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New research shows a causal link between viewing bareback pornography (in which men have intercourse with each other without a condom) and a reduced intention to practise safe sex. The study was conducted by researchers at the University of Amsterdam (UvA) in collaboration with the Amsterdam Municipal Health Service (GGD) and has been published in the May issue of the academic journal Archives of Sexual Behavior.

Condooms
Photo: Flickr, peachy92

The acceptability of bareback pornography is a topic of frequent debate. In Los Angeles, for example, the use of condoms has been mandatory in the production of pornography since 2012. There are also ethical discussions about digitally editing out condoms after filming. Besides the obvious issue of the health of the actors, the possible risks to consumers are largely overlooked. While previous research into human imitation behaviour suggested that bareback pornography counteracts efforts to promote safe sex, there was no causal scientific evidence to back this up. But the results of two studies conducted by UvA psychologist Kai Jonas and other researchers now provide evidence. They investigated whether watching 'gay porn' showing unprotected sex has an effect on the intentions of men who have intercourse with other men to take sexual risks.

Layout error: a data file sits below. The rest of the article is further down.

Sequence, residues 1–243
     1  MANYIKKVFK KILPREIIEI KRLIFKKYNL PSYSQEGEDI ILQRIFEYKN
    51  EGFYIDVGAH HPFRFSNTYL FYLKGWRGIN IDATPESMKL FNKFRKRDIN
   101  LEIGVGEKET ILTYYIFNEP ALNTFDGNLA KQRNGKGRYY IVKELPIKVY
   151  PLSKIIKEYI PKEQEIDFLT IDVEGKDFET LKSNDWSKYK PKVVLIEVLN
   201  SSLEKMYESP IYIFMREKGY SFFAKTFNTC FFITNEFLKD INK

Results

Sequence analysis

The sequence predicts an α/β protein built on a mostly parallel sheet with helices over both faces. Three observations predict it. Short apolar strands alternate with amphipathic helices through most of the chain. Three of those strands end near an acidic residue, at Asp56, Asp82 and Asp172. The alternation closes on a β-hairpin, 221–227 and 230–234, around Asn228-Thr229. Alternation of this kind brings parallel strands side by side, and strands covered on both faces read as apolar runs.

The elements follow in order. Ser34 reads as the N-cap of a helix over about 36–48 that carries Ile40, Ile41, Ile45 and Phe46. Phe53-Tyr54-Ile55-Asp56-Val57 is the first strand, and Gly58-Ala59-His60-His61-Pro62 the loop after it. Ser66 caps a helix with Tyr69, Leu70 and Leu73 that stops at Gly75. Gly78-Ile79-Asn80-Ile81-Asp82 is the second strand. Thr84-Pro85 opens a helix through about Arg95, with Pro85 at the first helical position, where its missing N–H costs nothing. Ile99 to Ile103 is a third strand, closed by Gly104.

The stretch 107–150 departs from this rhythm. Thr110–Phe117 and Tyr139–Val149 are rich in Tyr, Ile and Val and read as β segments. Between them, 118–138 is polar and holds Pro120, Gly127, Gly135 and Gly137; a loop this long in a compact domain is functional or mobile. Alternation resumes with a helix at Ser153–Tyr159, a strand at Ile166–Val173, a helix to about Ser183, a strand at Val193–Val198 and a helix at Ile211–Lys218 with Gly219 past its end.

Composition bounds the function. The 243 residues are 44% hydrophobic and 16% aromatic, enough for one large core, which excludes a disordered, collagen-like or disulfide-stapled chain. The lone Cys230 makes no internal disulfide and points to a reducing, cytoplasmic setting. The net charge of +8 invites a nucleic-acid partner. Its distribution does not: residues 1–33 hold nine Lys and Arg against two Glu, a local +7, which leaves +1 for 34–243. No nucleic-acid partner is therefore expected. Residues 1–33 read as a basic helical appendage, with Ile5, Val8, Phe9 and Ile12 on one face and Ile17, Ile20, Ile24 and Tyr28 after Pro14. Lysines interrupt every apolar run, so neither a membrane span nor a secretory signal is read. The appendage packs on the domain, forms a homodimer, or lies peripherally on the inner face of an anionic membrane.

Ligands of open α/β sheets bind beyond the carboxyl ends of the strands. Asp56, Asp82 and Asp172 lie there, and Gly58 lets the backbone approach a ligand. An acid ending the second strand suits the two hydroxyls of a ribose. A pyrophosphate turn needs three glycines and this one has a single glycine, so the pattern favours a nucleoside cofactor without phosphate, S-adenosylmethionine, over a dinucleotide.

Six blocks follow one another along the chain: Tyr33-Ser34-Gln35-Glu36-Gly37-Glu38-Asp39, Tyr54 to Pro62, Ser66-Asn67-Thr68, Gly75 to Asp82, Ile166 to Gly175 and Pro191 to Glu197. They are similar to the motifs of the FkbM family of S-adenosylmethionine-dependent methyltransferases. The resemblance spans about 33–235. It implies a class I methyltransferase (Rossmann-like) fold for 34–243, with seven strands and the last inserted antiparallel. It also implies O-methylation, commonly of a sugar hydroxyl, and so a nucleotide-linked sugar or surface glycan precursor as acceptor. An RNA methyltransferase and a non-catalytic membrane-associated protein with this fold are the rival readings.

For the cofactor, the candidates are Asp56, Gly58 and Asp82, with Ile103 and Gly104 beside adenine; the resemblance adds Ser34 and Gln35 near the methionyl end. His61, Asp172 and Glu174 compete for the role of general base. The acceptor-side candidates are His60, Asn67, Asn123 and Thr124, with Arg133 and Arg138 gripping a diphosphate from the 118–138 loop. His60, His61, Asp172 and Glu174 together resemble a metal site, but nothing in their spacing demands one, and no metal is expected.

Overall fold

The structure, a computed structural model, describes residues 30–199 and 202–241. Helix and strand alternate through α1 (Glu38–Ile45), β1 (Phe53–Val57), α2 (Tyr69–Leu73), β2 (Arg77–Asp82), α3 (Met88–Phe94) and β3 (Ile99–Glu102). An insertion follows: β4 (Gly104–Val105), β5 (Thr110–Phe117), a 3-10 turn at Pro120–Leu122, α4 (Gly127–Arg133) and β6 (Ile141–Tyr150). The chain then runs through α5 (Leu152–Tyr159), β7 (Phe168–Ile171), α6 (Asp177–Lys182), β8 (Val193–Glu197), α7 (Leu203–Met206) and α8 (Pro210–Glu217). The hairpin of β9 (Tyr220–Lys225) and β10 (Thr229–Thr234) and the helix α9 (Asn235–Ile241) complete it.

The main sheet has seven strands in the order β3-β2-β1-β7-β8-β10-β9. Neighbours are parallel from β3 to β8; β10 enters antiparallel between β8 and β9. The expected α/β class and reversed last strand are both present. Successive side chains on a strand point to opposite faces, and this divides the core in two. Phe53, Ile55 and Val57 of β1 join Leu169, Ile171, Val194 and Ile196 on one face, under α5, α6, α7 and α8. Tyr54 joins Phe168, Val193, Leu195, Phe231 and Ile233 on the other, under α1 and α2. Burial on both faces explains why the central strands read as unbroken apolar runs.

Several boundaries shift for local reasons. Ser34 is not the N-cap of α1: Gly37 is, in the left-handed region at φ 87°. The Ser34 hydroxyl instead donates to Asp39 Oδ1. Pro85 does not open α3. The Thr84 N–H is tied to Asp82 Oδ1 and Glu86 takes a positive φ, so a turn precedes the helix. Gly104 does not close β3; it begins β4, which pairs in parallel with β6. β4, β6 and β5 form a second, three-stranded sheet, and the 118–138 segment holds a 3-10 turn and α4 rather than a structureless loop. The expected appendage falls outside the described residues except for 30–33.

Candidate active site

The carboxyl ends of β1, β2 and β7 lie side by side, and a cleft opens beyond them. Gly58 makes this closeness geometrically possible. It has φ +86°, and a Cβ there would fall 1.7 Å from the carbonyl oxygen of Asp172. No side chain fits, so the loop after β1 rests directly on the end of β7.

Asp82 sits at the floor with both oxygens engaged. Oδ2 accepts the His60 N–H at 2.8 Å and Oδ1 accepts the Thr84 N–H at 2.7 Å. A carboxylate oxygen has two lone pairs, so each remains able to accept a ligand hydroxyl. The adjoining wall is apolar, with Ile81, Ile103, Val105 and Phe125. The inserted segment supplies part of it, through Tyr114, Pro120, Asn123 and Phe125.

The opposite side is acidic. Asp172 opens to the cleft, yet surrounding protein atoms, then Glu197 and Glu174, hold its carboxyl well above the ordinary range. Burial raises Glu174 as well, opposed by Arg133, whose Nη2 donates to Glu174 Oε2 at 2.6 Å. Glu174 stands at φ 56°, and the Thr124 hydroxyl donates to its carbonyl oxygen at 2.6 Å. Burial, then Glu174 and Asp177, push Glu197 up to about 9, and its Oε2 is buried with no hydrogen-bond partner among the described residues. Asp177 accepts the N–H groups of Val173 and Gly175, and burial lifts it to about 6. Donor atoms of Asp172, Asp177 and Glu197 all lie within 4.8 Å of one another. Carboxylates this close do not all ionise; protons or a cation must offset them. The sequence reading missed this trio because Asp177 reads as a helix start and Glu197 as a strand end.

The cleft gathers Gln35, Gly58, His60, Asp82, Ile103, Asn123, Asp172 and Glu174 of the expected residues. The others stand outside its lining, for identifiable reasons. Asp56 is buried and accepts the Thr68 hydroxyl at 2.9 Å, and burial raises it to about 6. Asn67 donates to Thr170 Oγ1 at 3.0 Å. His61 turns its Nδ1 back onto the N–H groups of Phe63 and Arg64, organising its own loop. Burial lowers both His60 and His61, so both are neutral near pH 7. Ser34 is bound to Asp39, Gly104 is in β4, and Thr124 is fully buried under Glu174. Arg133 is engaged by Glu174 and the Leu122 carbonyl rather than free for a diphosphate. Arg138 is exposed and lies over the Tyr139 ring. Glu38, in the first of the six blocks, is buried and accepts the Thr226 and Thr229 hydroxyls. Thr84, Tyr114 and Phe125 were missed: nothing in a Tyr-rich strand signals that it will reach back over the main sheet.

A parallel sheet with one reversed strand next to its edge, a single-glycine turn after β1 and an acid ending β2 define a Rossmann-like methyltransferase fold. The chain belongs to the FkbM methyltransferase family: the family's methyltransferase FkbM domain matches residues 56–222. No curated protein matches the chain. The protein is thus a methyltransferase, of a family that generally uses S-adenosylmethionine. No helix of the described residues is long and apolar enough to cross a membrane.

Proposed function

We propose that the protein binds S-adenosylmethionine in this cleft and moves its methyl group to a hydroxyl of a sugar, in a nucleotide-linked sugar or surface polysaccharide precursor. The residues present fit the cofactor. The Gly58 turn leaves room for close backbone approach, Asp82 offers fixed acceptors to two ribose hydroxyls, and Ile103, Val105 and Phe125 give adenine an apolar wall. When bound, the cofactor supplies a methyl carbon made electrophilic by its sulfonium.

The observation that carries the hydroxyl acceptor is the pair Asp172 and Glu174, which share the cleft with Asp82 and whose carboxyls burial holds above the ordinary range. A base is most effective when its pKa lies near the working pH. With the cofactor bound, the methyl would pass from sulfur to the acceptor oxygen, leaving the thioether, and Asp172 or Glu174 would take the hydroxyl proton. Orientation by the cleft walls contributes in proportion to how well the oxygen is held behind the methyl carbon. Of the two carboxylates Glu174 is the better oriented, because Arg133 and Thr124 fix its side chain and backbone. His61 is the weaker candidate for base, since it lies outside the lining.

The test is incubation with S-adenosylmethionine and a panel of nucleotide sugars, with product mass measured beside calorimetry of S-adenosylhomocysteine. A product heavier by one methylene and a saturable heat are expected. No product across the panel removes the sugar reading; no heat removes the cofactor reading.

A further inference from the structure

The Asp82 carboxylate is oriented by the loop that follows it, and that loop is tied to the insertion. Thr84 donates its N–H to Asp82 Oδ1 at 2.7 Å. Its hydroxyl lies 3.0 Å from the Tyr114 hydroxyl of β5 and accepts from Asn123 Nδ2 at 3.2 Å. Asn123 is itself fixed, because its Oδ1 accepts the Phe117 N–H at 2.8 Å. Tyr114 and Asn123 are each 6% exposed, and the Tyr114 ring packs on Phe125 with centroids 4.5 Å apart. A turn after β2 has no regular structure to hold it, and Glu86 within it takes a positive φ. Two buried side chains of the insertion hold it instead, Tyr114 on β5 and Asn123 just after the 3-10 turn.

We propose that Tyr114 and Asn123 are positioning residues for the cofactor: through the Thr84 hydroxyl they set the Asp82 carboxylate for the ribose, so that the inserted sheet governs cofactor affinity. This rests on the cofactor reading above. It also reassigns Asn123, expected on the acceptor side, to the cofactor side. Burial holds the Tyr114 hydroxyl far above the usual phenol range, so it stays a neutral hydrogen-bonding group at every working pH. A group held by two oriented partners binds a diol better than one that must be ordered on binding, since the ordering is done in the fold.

DVD covers and film scenes

In the first study, subjects were presented with four DVD covers for gay porn films: two explicitly showing sex (one with and one without a condom) and two showing ‘body shots’ (with no sexual act). They were asked to click on the parts of the photos that attracted their attention most. After this, they indicated whether or not they would use a condom if they were to have sex at that moment. Based on the responses, the researchers were able to ascertain that attention to unprotected sex acts negatively predicts safe sex intentions.

The second study looked at the immediate impact of pornographic films depicting protected or unprotected sex on the sexual behaviour of viewers. Here, the participants were shown different film sequences. In one of the sequences, the actors were clearly seen to be using a condom; the other showed barebacking. After watching the sequences, participants were again asked to indicate if they would use a condom were they to have sex at that moment. To promote ecological validity (the degree to which the results of a research study match everyday practice), the research was conducted at a gay club in Amsterdam. The results show that the men who viewed barebacking had a lower intention to practise safe sex than those in the group presented with scenes showing condom use.

Although these findings do not translate into a specific intervention strategy, the underlying mechanisms they expose could be used in designing prevention strategies and in helping to make consumers and sex club owners aware of the effects of the type of films they watch or show.

Publication details

Kai J. Jonas, Skyler T. Hawk, Danny Vastenburg & Peter de Groot: ‘Bareback' Pornography Consumption Negatively Influences Safe-Sex Intentions of Men Having Sex with Men, in: Archives of Sexual Behavior, Issue 4 (May 2014).